When I unlocked the Bone Prison specialization for my Mark for Death spell, I forgot to read the fine print. Though a wall of bones now encircled my enemies, my once insta-cast spell now had a nasty side effect: a 20-second cooldown. But I was delighted to find that I could now cast another spell on each individual bone piece, turning my new bone prison into a cascading wall of death.
Last Epoch‘s skill system is a brilliant evolution of Path of Exile’s labyrinthine web of upgrades and Diablo 3’s rune modifications.
I lived through the initial 3D gaming era of the mid to late 90s. Whether for better or worse, most games made the awkward, ugly transition from pixels to polygons. And for every Mario 64 there was, well, a Sonic 3D.
Thankfully we’re far removed from those days. But rarely do we see a series so completely, and effectively transform from 2D to 3D, as I’ve seen in Risk of Rain 2. The sequel was announced and released via Steam Early Access during the Gearbox panel at PAX East, and it’s already fantastic.
The fighter is too slow and clunky. The mage brittle and lacking. But the rogue feels just right. Rocketcat Games’ pixelated roguelike dungeon crawler Wayward Souls didn’t click with me until I stepped into the shoes of Renee the Rogue.
Renee has only a single ability aside from her basic dagger attack: the all-important dash. With a reliable way to avoid attacks I finally reached some level of success as I plunged deeper into the randomly generated dungeons… until I was devoured by a horde of angry boars.
Earthfall has a very simple goal: make Left 4 Dead, but slightly better. And with aliens. Left 4 Dead’s strict focus on cooperative survival gameplay endeared many co-op fans, and has left a noticeable void since Left 4 Dead 2 released back in 2009.
Earthfall is here to fill the gap. It shamelessly pulls all of its action beats, enemy types, and campaign structure from Valve’s zombie-survival series, but does it all very well. The Early Access version has all the right pieces to make a worthy spiritual successor to one of the best cooperative series in gaming.
The rogue-like genre has absolutely exploded in the last several years thanks to indie developers. FTL. Rogue Legacy. Spelunky. Risk of Rain. Binding of Isaac. Darkest Dungeon. The Flame in the Flood. It’s becoming a well-worn genre that demands more of each new game.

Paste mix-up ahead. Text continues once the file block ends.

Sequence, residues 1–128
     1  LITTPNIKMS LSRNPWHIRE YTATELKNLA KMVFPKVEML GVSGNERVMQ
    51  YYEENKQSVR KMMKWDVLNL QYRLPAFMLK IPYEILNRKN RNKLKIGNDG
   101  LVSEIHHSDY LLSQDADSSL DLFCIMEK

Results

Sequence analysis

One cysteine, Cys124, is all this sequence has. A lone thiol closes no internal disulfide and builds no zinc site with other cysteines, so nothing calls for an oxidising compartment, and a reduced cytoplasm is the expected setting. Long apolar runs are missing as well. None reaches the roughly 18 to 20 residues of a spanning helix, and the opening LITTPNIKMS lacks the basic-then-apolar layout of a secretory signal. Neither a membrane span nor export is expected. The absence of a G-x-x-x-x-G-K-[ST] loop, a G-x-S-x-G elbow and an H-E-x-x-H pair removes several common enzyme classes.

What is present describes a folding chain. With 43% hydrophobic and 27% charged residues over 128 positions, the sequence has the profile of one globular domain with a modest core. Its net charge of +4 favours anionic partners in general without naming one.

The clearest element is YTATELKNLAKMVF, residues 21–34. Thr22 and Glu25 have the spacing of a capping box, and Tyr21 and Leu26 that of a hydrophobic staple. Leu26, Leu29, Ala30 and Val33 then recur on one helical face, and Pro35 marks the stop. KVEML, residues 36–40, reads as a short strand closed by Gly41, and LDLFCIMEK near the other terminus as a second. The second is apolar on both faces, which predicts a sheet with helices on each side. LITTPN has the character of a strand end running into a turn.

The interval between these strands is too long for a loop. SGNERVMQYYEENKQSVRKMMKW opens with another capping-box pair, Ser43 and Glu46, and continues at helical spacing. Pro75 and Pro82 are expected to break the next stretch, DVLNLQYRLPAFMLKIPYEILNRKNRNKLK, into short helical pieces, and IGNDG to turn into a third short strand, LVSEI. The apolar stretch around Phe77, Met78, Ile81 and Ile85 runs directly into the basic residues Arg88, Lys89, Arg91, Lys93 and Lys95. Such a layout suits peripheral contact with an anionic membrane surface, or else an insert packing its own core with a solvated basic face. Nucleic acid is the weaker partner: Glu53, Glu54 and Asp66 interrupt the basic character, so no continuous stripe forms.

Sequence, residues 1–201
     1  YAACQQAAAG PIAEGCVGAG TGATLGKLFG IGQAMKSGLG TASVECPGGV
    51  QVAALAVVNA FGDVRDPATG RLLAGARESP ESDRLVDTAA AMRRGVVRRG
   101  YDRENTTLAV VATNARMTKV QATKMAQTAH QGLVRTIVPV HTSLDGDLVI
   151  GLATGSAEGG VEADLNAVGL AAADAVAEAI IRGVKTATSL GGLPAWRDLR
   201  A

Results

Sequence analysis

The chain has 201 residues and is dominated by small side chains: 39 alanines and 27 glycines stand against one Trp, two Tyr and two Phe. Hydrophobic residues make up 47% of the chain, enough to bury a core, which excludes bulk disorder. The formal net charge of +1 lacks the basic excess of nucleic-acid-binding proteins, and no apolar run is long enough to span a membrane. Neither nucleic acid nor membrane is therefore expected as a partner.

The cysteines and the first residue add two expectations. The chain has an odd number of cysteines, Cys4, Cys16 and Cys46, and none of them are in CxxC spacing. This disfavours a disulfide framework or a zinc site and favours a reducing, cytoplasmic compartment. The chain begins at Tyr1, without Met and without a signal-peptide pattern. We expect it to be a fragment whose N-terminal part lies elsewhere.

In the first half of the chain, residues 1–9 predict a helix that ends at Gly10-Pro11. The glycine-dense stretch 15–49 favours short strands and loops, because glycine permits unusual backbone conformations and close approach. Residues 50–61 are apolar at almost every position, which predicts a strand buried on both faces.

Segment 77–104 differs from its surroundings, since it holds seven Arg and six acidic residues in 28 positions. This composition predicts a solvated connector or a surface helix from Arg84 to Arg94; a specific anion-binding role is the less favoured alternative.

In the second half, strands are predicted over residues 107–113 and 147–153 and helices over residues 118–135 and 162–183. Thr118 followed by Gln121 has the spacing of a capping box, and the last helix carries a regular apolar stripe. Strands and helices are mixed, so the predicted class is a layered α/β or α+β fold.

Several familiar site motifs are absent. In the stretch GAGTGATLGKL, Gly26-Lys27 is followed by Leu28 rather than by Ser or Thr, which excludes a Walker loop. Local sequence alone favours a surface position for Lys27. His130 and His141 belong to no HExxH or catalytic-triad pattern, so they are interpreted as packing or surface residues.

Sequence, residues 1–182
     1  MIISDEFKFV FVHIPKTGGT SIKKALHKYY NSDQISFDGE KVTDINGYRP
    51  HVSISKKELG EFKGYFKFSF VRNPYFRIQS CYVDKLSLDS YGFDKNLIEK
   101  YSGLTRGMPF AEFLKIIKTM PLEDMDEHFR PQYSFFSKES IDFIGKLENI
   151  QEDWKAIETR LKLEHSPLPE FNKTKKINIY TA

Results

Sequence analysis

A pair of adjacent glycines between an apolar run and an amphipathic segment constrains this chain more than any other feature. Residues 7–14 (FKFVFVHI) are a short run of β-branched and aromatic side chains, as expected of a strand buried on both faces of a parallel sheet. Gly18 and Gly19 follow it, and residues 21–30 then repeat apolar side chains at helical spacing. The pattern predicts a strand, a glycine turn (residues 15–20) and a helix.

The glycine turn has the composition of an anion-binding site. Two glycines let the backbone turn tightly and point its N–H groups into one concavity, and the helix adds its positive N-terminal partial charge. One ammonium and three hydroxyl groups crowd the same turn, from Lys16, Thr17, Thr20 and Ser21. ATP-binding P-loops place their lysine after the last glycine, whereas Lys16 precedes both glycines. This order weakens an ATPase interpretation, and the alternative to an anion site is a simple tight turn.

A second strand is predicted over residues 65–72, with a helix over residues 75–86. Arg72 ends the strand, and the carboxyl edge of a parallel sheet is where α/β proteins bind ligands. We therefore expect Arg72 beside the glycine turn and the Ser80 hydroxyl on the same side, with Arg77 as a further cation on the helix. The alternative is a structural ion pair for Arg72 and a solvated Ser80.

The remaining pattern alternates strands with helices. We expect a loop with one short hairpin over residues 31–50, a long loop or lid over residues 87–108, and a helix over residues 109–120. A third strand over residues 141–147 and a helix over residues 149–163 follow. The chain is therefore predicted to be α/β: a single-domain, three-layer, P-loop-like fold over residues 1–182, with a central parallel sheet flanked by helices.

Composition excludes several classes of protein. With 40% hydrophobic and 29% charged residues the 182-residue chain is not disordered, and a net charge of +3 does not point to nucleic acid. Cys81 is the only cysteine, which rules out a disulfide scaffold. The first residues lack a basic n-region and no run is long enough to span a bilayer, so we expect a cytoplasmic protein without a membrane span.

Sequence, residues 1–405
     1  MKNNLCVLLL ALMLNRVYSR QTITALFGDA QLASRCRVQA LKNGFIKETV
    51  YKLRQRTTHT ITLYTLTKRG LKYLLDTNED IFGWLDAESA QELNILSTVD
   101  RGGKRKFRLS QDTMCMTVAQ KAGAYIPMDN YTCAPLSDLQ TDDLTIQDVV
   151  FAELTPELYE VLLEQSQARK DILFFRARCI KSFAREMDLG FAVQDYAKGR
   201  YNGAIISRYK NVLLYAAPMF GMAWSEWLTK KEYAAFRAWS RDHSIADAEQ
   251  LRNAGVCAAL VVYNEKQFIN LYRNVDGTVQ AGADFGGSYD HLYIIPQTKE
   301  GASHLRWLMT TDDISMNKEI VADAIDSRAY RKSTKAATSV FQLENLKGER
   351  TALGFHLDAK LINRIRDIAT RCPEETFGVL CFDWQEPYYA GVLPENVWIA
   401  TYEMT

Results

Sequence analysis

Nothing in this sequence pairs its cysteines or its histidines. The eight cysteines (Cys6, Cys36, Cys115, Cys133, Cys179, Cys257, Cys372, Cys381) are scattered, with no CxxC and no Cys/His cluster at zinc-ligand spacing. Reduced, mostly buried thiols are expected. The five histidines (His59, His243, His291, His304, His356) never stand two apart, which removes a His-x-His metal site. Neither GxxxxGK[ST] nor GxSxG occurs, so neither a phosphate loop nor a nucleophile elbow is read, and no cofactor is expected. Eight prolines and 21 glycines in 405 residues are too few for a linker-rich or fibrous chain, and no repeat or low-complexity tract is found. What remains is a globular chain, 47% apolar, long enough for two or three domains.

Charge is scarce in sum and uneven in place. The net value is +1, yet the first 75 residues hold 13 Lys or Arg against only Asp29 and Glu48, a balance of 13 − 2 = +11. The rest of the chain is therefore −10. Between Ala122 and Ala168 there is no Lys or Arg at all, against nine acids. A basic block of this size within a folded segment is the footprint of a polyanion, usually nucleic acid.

Streets of Rogue, now out on Steam Early Access, distills many of the most successful elements of the games before it with free-form, procedurally generated level designs that promote creative mayhem. And you can do it with friends.
Survival-crafting games are a dime a dozen, but We Happy Few’s real joy is its immersive world and how it plays with conformity and hallucinatory drugs.
What if you had to survive in a BioShock-esque world without all those fancy plasmids and guns? Instead you’re armed with rotten food, pointy sticks, and one very special drug.
We Happy Few began life with a successful Kickstarter campaign before hitting Steam Early Access this Summer. The game combines survival-crafting into a unique setting rarely explored in gaming – the drug-fueled, post-war 1960s. This initial Early Access version features most of the gameplay sans story, and with only the one playable protagonist.
In this world’s alternate history, World War 2 went very, very badly for England. The Nazis successfully invaded and destroyed much of the country, leaving its population frightened and destitute. But that doesn’t mean you have to stop enjoying life right?
One little happy pill called Joy, and all your real world problems simply melt away. The people in the island city of Wellington Wells may harbor some deep secrets, but most of its drug-addled citizens don’t seem to care. Except for you.
LEGO Worlds expertly captures the feel of playing and building with LEGO bricks with the addictive open-ended exploration and building of Minecraft.
The biggest and most obvious inspiration for Minecraft is LEGO. Those venerable little stacking bricks rose from humble Danish beginnings to become one of the most popular toys in the world. Over the last decade, the brand has successfully expanded into video games using its incredibly lucrative licensing deals, making games of popular franchises like Star Wars and Batman. The focus on kid-friendly, cooperative gaming has made these games hugely popular for families.
Now we have finally come full circle, as LEGO returns to its block-building roots by lifting core gameplay from Minecraft. LEGO Worlds was recently released in Early Access on Steam, meaning the game is still in active development, but can be purchased and played right now. Despite a current lack of major features like multiplayer, LEGO Worlds expertly captures the feel of playing and building with LEGO bricks with the addictive open-ended exploration and building of Minecraft.